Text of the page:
Entrepreneurs who risk their own capital deserve the sort of rewards some investment bankers have taken, the latter who are risking our capital shareholders, don't.


  • Comment number 15.

    Selling off the family silver

    At first impression something about this sale stinks. After all selling off a crown jewel! You normally don't do this, especially at a low valuation, right?! Can I sell off buckingham palace, why? Just so I can make a couple of dozen million dollars, never mind the national interest. Why does Bob deserve 16 million pounds for selling off something that was easy to sell?

    There are a lot of questions here and Robert needs to do more investigating and reporting. Why is the sale in the interests of Barclays and London? Is Barclays likely to profit significantly from this deal? Was the valuation good compared to a five year average valuation? Bob has had a lot of criticism - is he benefiting his American friends before jumping ship - possibly to Blackrock? These suspicions need to be cleared up for Bob's sake as well as ours. There's been too many murky dealings in international finance and we need to clean up the system to restore public confidence in the system. This also requires good responsible reporting to tell us about improvements and doesn't make even straight and honest finance people look like banksters. At the same time we need to maintain legitimate financial freedom and creativity as there are plenty of other cities interested in London's financial crown.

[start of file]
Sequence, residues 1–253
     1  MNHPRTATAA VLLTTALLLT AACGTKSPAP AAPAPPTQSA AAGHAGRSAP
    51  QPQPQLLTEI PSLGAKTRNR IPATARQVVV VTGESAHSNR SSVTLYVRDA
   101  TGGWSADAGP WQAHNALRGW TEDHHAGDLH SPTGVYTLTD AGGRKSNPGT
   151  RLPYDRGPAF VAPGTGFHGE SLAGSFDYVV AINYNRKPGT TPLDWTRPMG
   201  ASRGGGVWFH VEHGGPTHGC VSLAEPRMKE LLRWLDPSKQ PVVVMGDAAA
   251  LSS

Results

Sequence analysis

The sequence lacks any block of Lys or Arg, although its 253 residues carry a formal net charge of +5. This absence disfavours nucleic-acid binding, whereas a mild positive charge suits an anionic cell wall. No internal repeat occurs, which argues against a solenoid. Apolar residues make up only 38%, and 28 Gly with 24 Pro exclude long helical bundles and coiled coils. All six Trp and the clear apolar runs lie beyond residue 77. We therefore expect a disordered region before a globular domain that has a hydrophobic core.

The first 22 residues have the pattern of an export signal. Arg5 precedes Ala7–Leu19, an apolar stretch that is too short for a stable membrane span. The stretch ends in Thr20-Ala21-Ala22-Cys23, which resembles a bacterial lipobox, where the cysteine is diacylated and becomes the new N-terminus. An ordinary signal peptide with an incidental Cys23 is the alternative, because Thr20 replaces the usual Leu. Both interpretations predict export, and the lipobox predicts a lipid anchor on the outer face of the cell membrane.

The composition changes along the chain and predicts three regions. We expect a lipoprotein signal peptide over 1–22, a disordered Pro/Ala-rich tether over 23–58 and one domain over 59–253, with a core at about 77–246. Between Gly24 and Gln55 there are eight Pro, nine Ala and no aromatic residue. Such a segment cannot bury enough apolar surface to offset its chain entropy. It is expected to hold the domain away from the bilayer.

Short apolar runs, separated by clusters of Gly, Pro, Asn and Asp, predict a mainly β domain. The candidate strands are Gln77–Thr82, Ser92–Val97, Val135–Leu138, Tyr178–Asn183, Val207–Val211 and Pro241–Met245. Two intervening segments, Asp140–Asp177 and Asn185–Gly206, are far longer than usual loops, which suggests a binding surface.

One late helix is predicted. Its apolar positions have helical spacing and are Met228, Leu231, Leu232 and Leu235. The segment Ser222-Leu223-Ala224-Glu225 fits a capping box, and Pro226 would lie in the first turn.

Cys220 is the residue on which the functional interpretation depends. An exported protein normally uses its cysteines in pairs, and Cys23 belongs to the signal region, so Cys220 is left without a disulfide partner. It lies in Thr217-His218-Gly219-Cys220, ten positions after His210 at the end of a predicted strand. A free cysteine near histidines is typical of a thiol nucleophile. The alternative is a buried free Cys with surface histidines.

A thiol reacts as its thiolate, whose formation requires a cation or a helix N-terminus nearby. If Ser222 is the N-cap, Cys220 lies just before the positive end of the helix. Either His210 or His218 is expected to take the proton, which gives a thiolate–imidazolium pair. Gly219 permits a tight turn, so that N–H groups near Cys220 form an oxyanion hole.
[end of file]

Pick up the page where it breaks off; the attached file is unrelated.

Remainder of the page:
• Comment number 16.

    MarkL64

    You have a valid point.

    However if you apply this with the tar brush you are referring to i.e. no reward incentives for CEOs and the like for building successful businesses, then BGI would not be worth £8Bn, nor would BGI have contributed around 25% of Barclays Group profits over the last five years. Profits which are dispersed to you the shareholders

    Therefore individual deals must be judged on their own merits.

    BGI is being sold at a low point in the market, and yet for a very sizeable amount.

    This extra capital will increase Barclays Tier 1 Capital Ratios, which is the biggest number for measuring banks stability.

    Look at HSBC, why have they not needed recapitalisation. Because they have had one of the best, if not the best, Tier 1 Capital Ratios for the last 15 years.

    Now if you look again at Barclays, the timing of this increase in Tier 1 is poignant. If you look at the Lehman's business acquired at virtually no cost last year by BarCap, this will allow BarCap to build this much better balanced, geographically and product, business.

    The deal to buy the leftovers of Lehmans and not the entire Inv Bank, risks and all, was brokered by Bob.

    An illustration of a CEO providing future value to shareholders and perhaps the opportunity for a future reward, as here with BGI, once the business model has been validated by verified sustainable profits.